Picture a 2013 Honda Odyssey EX-L minivan, and a Boeing 737 southwest airplane and try to compare the two as the same thing. One takes flight, while the other makes distance on land. Both require gas but different type of fuel. It’s kind of a big stretch since they are two completely different pieces of machinery, but at the same time they both resemblance transportation.  

Basketball and Choir can be looked at the same way as well, although they have nothing to do with each other. Any person can disagree and say that basketball is strictly a sport, but for me from many years of experience I know basketball entails a certain amount of creativity, a little free will, and a motive to inspire the effort.

Choir is similar in the aspect that it demands much practice and work. As a team player, you must participate and show up to each event. Because if one person is missing from their section or is off their game, then it disrupts the whole performance.

I find it interesting how few people attend choir concerts and festivals compared to basketball games and tournaments. Both represent the school and both invest in fundraising and competing. Yet there is still an abundance of support that is more preferred towards basketball and their success.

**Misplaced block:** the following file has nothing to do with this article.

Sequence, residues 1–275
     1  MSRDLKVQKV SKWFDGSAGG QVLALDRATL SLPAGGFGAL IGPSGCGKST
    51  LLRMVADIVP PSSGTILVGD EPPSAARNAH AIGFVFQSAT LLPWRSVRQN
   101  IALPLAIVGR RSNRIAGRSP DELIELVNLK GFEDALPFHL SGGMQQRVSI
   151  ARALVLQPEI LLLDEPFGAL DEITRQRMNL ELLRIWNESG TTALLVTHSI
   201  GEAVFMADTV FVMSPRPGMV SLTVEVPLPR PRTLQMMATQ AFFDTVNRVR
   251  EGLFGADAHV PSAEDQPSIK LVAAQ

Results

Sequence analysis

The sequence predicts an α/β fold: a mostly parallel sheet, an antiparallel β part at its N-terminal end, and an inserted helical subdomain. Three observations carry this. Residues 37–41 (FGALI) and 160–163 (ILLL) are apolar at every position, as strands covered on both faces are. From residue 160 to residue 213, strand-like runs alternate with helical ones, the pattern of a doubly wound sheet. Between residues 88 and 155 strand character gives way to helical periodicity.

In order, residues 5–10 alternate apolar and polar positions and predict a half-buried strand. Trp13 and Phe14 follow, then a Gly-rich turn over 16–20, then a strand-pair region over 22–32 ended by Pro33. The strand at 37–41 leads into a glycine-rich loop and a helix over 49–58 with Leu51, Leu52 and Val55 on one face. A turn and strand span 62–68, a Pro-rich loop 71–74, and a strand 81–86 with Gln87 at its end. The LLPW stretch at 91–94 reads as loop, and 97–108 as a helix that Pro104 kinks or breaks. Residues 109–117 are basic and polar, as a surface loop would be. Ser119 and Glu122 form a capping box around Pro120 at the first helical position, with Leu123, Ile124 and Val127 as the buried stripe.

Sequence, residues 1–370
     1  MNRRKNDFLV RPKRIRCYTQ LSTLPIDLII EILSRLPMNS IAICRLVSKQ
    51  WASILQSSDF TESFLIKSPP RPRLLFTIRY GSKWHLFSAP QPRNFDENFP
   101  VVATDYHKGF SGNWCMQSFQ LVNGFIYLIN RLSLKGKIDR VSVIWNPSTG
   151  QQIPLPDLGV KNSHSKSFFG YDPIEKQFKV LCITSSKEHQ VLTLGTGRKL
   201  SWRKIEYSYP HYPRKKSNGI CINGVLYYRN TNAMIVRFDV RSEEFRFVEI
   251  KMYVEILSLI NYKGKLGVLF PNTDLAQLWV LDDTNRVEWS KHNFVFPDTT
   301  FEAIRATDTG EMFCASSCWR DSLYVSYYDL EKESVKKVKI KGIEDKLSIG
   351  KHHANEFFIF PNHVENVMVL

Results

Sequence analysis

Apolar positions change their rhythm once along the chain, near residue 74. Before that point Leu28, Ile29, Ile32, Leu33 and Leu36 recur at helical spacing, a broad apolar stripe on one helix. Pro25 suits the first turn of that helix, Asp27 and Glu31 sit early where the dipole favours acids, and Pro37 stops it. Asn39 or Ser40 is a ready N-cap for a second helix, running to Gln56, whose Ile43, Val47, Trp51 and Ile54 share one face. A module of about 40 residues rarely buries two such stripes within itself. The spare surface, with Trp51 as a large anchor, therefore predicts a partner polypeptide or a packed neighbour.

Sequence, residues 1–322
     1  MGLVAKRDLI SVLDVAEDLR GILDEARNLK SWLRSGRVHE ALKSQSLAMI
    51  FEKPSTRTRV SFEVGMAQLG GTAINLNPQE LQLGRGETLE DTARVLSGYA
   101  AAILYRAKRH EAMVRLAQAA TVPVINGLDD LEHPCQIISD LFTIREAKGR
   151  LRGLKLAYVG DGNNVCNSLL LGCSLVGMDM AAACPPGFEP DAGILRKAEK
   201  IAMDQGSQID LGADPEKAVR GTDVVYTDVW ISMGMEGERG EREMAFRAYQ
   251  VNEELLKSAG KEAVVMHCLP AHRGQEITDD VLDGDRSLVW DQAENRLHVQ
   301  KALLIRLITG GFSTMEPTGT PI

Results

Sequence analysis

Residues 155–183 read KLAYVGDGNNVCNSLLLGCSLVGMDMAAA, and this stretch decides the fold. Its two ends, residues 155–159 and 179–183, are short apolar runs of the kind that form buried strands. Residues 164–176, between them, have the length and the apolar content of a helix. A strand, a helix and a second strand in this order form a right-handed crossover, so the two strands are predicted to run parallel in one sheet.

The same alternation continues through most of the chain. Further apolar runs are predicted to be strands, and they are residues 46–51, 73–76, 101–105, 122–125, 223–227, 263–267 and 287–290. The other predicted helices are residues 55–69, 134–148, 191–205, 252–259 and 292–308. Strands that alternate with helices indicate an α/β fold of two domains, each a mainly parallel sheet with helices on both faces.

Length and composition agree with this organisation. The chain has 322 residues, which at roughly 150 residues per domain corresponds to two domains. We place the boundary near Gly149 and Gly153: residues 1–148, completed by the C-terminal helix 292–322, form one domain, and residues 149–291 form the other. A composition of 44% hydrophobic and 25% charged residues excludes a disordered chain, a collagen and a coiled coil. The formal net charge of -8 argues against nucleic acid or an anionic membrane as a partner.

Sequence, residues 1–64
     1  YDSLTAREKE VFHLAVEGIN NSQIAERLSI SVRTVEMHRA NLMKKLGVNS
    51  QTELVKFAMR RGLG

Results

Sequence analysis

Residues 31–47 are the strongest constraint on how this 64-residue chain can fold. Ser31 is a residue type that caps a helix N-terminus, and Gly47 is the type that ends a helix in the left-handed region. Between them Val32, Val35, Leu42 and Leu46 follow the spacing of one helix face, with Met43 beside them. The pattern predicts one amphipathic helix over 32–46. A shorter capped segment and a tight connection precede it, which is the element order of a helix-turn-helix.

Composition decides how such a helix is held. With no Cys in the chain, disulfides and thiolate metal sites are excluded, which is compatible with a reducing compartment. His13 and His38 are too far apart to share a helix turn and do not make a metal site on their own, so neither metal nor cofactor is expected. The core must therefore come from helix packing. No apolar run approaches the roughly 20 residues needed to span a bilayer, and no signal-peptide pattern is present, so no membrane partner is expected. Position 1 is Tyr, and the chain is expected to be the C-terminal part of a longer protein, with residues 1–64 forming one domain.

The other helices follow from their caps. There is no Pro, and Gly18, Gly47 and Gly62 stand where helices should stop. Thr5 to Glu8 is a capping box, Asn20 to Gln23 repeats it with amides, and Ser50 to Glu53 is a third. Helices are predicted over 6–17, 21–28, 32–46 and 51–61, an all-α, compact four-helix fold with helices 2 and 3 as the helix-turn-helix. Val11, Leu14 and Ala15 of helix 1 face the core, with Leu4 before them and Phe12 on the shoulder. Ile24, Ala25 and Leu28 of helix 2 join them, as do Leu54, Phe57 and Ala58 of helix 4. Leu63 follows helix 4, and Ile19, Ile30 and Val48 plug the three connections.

By being a participant in each activity I am able to see the differences in necessary work and of entertainment. I experience the same amount of stress, chaos and mental strain that takes all my capacity and time to dedicate myself to each show.

I am needed in particular areas to excel and do my job correctly, that way the art of performing doesn’t deteriorate and the people watching can enjoy themselves. To a certain extent we performers do it for ourselves, but also for the audience. We strive and prepare for the big moments in front of all the fans and enthusiasts.